Acuinuga. Acuicultura y Nutrición de Galicia


13-03-15 |

Increasing effects of acidification on Aquaculture

New scientific evidence is detailing the growing impact of ocean acidification on marine aquaculture. From the Atlantic to the Pacific, from Argentina to New Zealand, there is increasing evidence that the progressive acidification of the oceans is causing changes in the development of algae, molluscs, crustaceans and fish. These changes are negatively affecting the cultivation of various species of commercial interest, with the subsequent loss of income and the destruction of thousands of jobs.


The production of bivalve molluscs is possibly the most affected industry on a global scale. Larvae of oysters, mussels, clams and scallops require very specific pH values in seawater in order to properly develop the calcium carbonate shells acting as their exoskeleton. If these values are not suitable, the animals cannot properly develop, growth stops and high mortalities are quickly recorded over time. 


The process of ocean acidification is the progressive decrease in the pH of seawater as a result of increased carbon dioxide levels in the atmosphere. Since the beginning of the industrial revolution, CO2 values have steadily increased from 280 ppm recorded in the mid-eighteenth century to 390 ppm in the late twentieth century. In seawater, average pH values are decreasing from 8.2 to 7.8 units expected for the end of the present century.


In the Galician estuaries or rías, ocean acidification combines with other negative impacts derived from global warming, which has been linked to the increased prevalence of certain parasites in bivalves and algal toxic blooms, pollution resulting from industrial waste, oil spills or improperly treated urban wastewater. A successful coastal management during these past years could have alleviated these effects, focusing on hatchery seed production, introducing breeding programs designed for the farming of more resistant strains, better adapted to new environmental conditions; developing innovative regeneration strategies, implementing strict water monitoring programmes, promoting the diversification of the bivalve species currently farmed,  etc.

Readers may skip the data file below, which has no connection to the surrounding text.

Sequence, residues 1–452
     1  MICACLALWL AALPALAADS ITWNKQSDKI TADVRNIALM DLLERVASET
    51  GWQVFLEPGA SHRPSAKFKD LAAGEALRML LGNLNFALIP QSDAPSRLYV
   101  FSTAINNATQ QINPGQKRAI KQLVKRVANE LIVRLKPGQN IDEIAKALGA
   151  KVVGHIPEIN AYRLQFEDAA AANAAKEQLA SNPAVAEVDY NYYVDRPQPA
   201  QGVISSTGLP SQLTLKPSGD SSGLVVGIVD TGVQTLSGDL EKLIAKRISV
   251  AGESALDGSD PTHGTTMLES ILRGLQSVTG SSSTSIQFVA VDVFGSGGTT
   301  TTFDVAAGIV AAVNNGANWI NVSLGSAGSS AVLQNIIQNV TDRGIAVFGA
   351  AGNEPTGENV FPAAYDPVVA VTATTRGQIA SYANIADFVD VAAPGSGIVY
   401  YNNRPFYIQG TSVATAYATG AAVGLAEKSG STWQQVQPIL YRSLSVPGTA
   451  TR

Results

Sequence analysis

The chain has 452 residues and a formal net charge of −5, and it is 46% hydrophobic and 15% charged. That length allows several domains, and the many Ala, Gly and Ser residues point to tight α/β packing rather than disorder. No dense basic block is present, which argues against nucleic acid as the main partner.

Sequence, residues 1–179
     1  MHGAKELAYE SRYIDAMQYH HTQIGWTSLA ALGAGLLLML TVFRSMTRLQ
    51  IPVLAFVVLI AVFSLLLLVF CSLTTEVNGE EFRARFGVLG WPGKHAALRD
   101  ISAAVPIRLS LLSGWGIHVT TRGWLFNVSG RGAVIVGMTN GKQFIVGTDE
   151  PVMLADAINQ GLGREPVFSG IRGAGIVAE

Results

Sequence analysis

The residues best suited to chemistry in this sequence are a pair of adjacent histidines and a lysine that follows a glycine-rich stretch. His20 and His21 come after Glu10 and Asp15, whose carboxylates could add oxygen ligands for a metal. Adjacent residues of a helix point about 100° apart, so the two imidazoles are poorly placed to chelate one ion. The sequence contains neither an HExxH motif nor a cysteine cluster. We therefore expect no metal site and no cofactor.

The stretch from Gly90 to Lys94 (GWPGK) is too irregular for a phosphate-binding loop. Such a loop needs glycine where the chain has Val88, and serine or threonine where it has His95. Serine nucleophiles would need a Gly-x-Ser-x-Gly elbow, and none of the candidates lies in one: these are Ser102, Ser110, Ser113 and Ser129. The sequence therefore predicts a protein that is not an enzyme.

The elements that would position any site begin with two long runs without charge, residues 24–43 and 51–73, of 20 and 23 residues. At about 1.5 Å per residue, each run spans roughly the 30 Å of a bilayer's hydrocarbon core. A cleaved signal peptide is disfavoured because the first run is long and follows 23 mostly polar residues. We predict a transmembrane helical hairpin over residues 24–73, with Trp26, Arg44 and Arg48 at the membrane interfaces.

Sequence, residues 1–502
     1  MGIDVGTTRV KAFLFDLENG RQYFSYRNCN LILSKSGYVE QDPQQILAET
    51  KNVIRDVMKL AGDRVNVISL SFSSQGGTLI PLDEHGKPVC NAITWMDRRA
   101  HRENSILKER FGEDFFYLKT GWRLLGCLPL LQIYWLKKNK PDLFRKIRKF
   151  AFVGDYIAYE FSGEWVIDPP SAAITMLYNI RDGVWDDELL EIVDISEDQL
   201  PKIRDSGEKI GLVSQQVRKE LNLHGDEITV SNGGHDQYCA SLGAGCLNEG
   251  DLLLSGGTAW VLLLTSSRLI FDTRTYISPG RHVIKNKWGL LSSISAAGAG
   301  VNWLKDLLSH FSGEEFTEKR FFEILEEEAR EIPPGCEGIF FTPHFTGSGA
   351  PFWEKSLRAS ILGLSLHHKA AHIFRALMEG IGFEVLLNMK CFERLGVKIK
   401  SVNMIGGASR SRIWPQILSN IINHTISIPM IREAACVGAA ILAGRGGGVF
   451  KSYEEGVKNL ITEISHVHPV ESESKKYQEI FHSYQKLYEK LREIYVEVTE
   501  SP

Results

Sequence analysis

Time will tell if we are still in a position to correct the many mistakes made in our recent past. What seems clear, in the absence of specific estimates of the loss of natural productivity in our shellfish banks, is that a growing number of voices are denouncing the dramatic decline in most natural populations of our traditional bivalve species. If this situation is not quickly addressed, it will have serious implications in the capacity of an already compromised sector for the sustainable generation of employment and wealth.